G.S. Sultan: music for a living water (Orange Milk, 2020)

July 19, 2020 at 11:40 am | Posted in Reviews | Leave a comment

G.S. Sultan: music for a living water

Roy Werner writes custom Max/MSP software and makes semi-generative compositions which flow between digital and organic textures. Opening with rushing water and fluttering bird wings, music for a living water weaves melty vocals, which sometimes sound like they’re being manipulated on a turntable, with vibraphone-like melodies and subtle glitches and buzzes. It’s too _together_ to merely sound like an audio collage, but it still has an easy, surreal drift to it. It’s definitely more easygoing and pleasant than some of the more future-shocked Orange Milk releases, but there’s also moments that tip into the realm of the absurd, like when several layers of vocals of various pitches collate into a heavy, quavering blanket mass during “nx nox”. The last 2 tracks are weird co-minglings of new age choral R&B, wrapping several shades of vocals around a ticking music box flow.

v/a: Music For Your Mind Vol​.​1 (Lobster Theremin, 2020)

July 18, 2020 at 3:19 pm | Posted in Reviews | Leave a comment

v/a: Music For Your Mind Vol​.​1

I think this is the last of the benefit comps I downloaded recently. This one’s from Lobster Theremin, and all profits are donated to Black Minds Matter. Haven’t delved too much into this label and its extended family, at least as of late, and the only artists I’m familiar with here are Borai, Denham Audio, and Tim Reaper, all of whom are some of the absolute finest producers making rave and jungle today. The first two collide rave elements with harder, garage-y beats, and Reaper’s is a slow burning but ecstatic jungle track filled with intricate breaks and contemplative synths. Route 8 & TRP’s “This Way” is another highlight, making a complex beat pattern go down smoothly. Mani Festo’s “The Fate of Us All” similarly resembles a sort of danceable IDM with a heartbreaking melody and poignant sample. Much more playful is the bloopy, choppy garage of Checan’s “BLAES”. Artists like L.O.T.S. and Slim Steve provide breaky beats and chill house atmospheres, while Night Foundation’s “Breathless” is an unsettling nocturnal tremor. Snow Bone’s “DYNA” is excellent futuristic rave overkill, and Zeno Amsel’s “Pertinent Negative” is hotwired electro-techno madness. Music for your mind, for sure, but only because we aren’t allowed back in clubs yet.

v/a: Hot Steel (трип, 2020)

July 17, 2020 at 6:04 pm | Posted in Reviews | Leave a comment

v/a: Hot Steel

Nina Kraviz’s трип (Trip Recordings) released this compilation on Juneteenth, donating all of its sales to the NAACP Legal Defense Fund. The album stemmed from a live stream which took place in May, in which artists submitted unreleased material, of any genre. The favorite tracks were signed, and issued on this album. Detroit’s First Lady, K-HAND, starts it off with “Aquatics”, a dramatic piece which sounds like the opening scene of a seabound thriller, filled with rushing tidal water and cyclical strings. There’s no telling where the release is going to head from there. LUCKER’s “Headache vs. Corona” is a tense jumble of fuzz-saturated breaks and early ’90s house stabs, managing to dance its way out of the muddle. Locked Groove dives into deep trance territory with “Intergalactic Surfer”, setting airy arpeggios and measured strings atop cruising beats. Hieroglyphic Being works his industrial house magic with the gorgeous keys, blown-out beats, and booming vocals of “Side 2 Side (Black Hands Version)”. Gesloten Cirkel demolishes the fourth wall (and maybe some of the ceiling) on “Fairness”, starting off with a snarky observer mocking the track he’s been working on, then adopting a scary Darth Vader-type voice and proclaiming “This is the best song ever made! If you can’t hear that, there’s something wrong with you!” before launching into some unruly techno pulverizing. Just as humorous, but in a much cuter, friendlier way, is Crush Converters’ Spanish-language, pogo-worthy synth-pop ode to Nina herself. Sebastian Lopez aka Flug and Voyager Solar System provide more deep-space transmissions (with Voyager’s being a bit fuzzier and trippier), while Baxter’s two-minute “Galore” begins as solemn ambient techno and ends up hyper-detailed, frizzy IDM. “Kreatur” by m.o.d.u.l. machine is a 94-second blitzkrieg of head-bashing hardcore with a vulnerable, pitched-up voice in the center. Nina’s own “x3” is a 9-minute odyssey of bouncy beats, vocoder samples, and antsy-trancey synths. This comp hasn’t received as much attention as other recent benefit releases (probably because of the ongoing backlash against Nina), but it’s certainly worth checking out, as it’s a quality selection of creativity from around the world.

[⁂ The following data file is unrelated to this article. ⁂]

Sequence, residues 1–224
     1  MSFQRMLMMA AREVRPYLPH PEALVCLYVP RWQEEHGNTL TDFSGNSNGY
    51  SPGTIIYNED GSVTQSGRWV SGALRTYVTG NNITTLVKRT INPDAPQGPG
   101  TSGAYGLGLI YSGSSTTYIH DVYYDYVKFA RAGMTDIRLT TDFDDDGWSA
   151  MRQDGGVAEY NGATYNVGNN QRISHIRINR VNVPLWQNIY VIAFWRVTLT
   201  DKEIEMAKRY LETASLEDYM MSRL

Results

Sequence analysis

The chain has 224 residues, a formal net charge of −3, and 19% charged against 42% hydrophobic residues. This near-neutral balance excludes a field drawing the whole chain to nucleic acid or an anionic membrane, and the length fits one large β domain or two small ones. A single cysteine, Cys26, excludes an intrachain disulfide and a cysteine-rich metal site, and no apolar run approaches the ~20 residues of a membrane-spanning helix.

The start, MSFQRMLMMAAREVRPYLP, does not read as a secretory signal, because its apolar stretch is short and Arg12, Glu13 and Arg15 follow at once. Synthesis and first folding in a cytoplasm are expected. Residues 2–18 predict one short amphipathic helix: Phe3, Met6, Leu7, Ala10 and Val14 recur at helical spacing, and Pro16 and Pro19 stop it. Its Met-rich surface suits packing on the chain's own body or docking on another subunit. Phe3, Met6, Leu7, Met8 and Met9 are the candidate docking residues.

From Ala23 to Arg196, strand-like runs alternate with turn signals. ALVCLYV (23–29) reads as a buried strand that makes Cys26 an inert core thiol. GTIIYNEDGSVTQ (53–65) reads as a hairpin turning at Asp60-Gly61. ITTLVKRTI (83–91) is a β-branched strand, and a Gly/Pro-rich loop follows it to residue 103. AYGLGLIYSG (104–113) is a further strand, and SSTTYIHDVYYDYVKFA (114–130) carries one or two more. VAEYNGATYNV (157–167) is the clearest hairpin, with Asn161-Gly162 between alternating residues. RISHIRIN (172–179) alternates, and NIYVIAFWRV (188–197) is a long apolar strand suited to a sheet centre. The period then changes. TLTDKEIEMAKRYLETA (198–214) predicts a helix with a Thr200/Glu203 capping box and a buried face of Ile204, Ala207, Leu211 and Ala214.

v/a: Physically Sick 3 (Discwoman/Allergy Season, 2020)

July 16, 2020 at 7:12 pm | Posted in Reviews | Leave a comment

v/a: Physically Sick 3